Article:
Tumbler Ridge Museum Foundation
Box 1348 Tumbler Ridge, BC V0C 2W0
Contact: Dr Charles Helm, Vice President
4251 (w) 250 242 3984 (h)
Rich McCrea, Palaeontologist - 250 242 3466
June 25, 2004
Palaeontologists Rich McCrea and Lisa Buckley, working for the
Tumbler Ridge Museum Foundation (TRMF), identified an accumulation
of distinctive dinosaur
bone material at a new site near Tumbler Ridge on Monday 21 June, 2004.
The site was brought to the attention of the TRMF by knowledgeable
amateur palaeontologists John and Maureen Schulting of Prince
George, who had suspected that they had
found dinosaur bone and skin. However, their attempts to have this confirmed
through sending photographs to universities and other museums were unsuccessful.
Once they learned of the existence of the TRMF, they called to share their
discovery, and were delighted that it was confirmed to be dinosaurian.
McCrea and Buckley, who have already contributed so much to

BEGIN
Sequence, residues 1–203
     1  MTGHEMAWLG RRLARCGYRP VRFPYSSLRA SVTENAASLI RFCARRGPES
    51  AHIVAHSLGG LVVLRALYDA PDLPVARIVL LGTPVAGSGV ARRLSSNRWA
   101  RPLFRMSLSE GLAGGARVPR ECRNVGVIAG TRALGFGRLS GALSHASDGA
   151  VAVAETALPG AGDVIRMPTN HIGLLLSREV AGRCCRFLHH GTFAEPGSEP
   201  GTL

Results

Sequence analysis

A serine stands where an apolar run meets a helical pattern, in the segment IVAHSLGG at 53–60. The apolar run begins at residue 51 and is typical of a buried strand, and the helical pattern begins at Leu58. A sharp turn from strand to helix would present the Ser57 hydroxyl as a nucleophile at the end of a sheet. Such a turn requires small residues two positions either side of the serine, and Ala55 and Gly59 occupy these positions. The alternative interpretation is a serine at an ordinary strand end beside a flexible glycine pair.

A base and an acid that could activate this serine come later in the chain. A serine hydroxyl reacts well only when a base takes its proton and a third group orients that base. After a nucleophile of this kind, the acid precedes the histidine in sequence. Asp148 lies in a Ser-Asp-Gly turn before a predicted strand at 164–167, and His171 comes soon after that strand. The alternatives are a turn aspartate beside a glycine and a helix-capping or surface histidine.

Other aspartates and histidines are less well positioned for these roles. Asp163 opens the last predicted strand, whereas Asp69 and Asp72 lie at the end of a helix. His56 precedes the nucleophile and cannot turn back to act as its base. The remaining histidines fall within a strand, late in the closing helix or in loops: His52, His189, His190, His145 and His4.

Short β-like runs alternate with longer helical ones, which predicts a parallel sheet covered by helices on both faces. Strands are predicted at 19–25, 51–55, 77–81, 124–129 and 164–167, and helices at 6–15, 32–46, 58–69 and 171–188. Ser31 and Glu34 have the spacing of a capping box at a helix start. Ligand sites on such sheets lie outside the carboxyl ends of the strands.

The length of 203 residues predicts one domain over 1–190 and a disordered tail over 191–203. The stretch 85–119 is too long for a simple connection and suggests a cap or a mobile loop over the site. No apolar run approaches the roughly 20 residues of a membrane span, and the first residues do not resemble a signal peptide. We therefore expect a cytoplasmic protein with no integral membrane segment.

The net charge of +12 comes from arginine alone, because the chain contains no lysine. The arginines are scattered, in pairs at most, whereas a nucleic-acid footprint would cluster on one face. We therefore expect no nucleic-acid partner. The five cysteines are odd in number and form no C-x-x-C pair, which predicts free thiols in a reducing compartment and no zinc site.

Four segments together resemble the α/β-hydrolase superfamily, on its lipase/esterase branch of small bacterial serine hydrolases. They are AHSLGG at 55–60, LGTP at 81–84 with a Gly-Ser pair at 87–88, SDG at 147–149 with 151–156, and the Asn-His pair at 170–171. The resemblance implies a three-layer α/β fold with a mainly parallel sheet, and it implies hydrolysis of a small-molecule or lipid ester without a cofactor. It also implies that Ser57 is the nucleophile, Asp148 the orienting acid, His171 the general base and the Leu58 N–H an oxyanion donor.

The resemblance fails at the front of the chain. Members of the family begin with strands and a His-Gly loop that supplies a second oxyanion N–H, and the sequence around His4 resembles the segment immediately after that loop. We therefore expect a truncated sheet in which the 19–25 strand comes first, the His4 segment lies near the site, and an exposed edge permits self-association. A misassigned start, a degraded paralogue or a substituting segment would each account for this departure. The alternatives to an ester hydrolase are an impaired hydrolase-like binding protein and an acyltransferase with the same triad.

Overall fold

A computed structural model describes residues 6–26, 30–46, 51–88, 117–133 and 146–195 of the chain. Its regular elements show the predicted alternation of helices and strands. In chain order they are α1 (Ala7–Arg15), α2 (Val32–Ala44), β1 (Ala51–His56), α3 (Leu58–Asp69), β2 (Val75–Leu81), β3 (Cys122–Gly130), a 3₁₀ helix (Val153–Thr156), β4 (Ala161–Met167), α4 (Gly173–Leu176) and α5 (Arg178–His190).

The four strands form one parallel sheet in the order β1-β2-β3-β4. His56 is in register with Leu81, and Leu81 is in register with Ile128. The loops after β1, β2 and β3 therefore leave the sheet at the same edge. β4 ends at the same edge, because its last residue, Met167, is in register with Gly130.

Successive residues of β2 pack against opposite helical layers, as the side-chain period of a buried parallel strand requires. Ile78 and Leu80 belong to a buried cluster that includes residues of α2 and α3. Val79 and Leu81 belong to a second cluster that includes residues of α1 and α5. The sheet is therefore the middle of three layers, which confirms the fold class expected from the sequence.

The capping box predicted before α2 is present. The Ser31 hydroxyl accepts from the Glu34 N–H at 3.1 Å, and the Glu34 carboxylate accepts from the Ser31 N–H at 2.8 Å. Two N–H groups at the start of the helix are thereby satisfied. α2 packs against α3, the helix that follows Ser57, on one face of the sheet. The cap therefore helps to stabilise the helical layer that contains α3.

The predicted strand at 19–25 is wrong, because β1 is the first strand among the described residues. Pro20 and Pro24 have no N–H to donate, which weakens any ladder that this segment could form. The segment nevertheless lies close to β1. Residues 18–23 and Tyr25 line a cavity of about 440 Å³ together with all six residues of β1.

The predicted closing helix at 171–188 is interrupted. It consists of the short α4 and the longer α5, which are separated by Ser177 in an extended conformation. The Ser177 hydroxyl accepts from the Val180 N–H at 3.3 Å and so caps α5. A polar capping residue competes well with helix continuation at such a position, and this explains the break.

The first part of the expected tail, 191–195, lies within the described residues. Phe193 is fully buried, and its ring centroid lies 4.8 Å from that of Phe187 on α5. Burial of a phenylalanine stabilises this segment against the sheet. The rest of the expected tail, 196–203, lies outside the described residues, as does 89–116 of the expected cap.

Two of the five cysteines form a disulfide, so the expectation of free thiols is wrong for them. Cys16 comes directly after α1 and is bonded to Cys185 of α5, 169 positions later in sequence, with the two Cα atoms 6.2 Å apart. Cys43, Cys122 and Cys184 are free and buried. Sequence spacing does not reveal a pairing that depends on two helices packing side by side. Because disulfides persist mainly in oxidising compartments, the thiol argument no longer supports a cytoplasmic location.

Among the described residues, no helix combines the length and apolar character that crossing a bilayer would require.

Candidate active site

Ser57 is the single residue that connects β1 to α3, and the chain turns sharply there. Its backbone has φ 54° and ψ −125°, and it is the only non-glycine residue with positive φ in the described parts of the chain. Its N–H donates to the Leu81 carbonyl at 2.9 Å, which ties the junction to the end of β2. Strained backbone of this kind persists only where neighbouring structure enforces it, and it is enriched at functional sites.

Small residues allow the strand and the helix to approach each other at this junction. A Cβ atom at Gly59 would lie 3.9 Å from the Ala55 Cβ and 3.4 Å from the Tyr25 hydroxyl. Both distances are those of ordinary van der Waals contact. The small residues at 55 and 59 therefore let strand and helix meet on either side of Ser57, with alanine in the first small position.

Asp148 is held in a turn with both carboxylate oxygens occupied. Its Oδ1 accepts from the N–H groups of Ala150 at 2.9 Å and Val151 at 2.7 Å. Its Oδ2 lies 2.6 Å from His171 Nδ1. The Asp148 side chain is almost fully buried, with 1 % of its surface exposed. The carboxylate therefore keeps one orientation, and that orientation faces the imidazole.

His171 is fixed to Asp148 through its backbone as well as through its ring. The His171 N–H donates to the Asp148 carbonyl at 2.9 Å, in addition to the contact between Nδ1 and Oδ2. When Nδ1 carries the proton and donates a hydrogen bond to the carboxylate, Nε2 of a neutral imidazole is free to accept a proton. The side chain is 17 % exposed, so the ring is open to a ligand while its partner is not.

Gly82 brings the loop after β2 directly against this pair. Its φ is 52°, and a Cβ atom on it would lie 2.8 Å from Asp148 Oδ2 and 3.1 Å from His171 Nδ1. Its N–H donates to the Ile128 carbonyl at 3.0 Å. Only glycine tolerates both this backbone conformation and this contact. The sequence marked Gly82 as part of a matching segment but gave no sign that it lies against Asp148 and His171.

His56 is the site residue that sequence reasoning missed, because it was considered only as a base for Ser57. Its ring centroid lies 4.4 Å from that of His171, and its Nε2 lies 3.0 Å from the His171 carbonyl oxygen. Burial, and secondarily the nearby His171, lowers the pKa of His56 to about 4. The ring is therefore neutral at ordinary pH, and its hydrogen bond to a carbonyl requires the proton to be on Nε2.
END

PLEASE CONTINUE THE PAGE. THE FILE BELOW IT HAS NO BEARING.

the study of northeastern BC dinosaurs, explained: “This
recent find of British Columbia’s
second dinosaur bone deposit demonstrates that the skeletal record of dinosaurs
in this region is more extensive than previously supposed. We anticipate
that further discoveries of dinosaur skeletal material will be
made in the area.
British Columbia’s first significant dinosaur
skeletal find (discovered in 2002 and now in its second year
of excavation), represents western Canada’s
oldest dinosaur material. The new find is much younger, of an equivalent
age to the well-known Alberta material. McCrea and Buckley state: “Though
the new site has not been studied long, it seems reasonable to
predict that the type
of dinosaurs will be quite different from those currently being excavated
[at the older site], but may have similarities to the dinosaurs
being found just
across the border in Alberta”.
The TRMF is planning to apply for permits to allow this material
to be collected by their palaeontologists, so that it can be
stored and researched
Ridge’s new Peace Region Palaeontology Research Centre, and eventually
displayed for public education and enjoyment.
TRMF extends its appreciation
to the Schultings for the exemplary way in which they handled their
discovery, bringing it to the attention of
rather than trying to remove parts of it. All regional fossil hunters
are encouraged to follow their example.